AMY GOODMAN: The Tar Sands Blockade mentioned in the report was one of the main groups targeted by the FBI. Agents in Houston also told TransCanada they would share, quote, “pertinent intelligence regarding any threats” to the company in advance of protests.

For more, we are joined by Adam Federman, contributing editor to Earth Island Journal, co-author of this new investigation that was published by The Guardian. It’s headlined “Revealed: FBI Violated Its Own Rules While Spying on Keystone XL Opponents.” In February, he also revealed how the FBI has recently pursued environmental activists in Texas, Pennsylvania, Oregon, Washington and Idaho for, quote, “little more than taking photographs of oil and gas industry installations.”

Adam Federman, thank you so much for joining us from Burlington, Vermont. Talk about this most recent exposé. How do you know the FBI was spying on those who are opposed to the Keystone XL?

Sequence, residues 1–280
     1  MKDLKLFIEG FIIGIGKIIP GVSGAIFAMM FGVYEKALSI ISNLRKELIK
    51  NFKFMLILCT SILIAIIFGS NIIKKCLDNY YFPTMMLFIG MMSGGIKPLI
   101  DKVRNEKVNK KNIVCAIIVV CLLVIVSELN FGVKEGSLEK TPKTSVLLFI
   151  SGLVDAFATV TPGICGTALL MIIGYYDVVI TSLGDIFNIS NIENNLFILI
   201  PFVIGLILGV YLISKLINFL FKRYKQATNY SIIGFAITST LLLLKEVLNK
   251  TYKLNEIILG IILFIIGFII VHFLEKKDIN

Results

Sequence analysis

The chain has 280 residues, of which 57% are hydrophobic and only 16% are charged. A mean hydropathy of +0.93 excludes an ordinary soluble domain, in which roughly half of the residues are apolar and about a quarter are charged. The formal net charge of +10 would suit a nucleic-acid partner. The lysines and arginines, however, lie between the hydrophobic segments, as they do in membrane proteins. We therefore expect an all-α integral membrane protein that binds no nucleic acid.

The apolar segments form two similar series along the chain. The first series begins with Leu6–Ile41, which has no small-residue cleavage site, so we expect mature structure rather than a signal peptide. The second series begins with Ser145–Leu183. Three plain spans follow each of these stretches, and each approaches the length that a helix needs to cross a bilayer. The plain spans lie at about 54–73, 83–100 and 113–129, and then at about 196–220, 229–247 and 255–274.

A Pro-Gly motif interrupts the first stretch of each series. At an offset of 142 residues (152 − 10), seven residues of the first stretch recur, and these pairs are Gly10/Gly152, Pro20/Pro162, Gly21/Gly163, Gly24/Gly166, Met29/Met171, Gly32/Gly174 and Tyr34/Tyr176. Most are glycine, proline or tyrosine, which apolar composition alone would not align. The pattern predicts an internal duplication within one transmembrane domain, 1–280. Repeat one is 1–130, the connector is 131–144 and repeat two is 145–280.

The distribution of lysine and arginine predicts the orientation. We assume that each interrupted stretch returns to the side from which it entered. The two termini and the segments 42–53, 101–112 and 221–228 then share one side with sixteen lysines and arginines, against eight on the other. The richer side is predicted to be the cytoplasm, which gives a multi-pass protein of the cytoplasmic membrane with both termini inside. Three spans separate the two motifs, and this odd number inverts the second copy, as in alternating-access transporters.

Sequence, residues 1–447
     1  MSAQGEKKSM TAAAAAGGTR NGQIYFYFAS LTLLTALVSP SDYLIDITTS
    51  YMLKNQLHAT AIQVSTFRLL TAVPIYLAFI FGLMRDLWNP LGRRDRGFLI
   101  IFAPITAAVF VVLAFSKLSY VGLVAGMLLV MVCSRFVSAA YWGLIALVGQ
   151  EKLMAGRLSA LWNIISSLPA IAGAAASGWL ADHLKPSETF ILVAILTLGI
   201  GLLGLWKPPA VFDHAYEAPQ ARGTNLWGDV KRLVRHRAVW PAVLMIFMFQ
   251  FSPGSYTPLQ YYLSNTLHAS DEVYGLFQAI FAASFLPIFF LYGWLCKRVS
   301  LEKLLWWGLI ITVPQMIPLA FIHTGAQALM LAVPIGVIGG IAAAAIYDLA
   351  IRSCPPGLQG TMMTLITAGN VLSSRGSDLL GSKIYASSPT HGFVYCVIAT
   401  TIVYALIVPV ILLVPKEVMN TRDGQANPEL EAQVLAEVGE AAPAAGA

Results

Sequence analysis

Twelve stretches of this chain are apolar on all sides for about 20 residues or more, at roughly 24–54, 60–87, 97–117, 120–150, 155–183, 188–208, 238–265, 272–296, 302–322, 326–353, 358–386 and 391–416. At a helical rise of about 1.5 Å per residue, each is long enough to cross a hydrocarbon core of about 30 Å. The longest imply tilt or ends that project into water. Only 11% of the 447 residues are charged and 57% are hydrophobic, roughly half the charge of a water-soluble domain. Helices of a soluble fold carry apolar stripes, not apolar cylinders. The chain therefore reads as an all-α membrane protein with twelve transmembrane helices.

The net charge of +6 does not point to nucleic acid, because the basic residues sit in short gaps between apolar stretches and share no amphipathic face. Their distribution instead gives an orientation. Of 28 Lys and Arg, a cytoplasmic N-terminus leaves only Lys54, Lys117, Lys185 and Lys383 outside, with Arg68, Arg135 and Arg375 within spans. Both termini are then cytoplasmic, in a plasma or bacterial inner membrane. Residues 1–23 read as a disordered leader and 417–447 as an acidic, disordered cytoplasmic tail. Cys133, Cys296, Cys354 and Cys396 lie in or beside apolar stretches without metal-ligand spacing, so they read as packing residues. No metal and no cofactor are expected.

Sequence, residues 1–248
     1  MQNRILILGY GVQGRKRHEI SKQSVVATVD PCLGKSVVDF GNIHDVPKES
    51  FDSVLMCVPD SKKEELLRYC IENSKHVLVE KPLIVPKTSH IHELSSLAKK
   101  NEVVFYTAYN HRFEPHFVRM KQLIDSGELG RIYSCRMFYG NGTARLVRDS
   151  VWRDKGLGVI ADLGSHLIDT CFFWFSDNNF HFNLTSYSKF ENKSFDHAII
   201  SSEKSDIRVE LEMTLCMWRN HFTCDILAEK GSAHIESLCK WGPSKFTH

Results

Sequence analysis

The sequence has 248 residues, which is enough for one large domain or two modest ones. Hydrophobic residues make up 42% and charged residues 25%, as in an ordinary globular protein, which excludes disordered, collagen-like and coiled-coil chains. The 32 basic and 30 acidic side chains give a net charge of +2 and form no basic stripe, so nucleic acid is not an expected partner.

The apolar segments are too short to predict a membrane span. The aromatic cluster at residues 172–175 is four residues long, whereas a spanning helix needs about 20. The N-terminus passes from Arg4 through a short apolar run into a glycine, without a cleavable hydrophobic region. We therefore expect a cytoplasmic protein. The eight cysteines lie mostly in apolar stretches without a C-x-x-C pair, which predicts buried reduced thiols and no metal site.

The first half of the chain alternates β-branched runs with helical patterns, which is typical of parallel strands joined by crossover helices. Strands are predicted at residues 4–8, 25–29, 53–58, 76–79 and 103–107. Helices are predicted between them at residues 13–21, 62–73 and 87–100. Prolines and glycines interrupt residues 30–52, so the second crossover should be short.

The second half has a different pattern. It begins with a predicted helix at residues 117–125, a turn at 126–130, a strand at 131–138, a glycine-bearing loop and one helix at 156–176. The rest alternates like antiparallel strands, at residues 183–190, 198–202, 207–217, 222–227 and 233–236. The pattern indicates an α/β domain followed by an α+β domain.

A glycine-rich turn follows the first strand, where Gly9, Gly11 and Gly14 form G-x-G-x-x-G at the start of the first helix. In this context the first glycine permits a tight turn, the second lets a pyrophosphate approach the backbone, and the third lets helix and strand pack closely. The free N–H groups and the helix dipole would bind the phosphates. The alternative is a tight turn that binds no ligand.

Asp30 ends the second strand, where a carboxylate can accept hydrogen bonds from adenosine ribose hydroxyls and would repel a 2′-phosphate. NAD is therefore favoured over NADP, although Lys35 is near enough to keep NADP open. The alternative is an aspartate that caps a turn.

ADAM FEDERMAN: Yeah, the recent investigation is based on more than 80 pages of documents that we obtained through a Freedom of Information Act request. And the most striking thing about them is that they demonstrated for the first time that the FBI opened an investigation into anti-Keystone pipeline campaigners in Texas in 2012, late 2012, and that investigation continued through 2013, despite the fact that it was opened without proper approval from within the FBI. And what’s interesting about them is that they show extensive interest in Tar Sands Blockade and activists organizing in Houston, particularly in, yeah, neighborhoods in East Houston, where tar sands oil would eventually end up at the refineries that are based there.

JUAN GONZÁLEZ: And in terms of the most surprising revelations that you found in these documents, could you talk about that?

ADAM FEDERMAN: Yeah, there are several. I mean, the fact that the investigation was opened without proper approval is probably most noteworthy. The FBI requires approval from legal counsel and a senior agent for investigations that are described as sensitive, and those include investigations into political or religious organizations, media institutions, academic institutions, and basically they set a higher threshold for opening an investigation. So, the fact that the Houston domain failed to do that obviously violates agency protocol.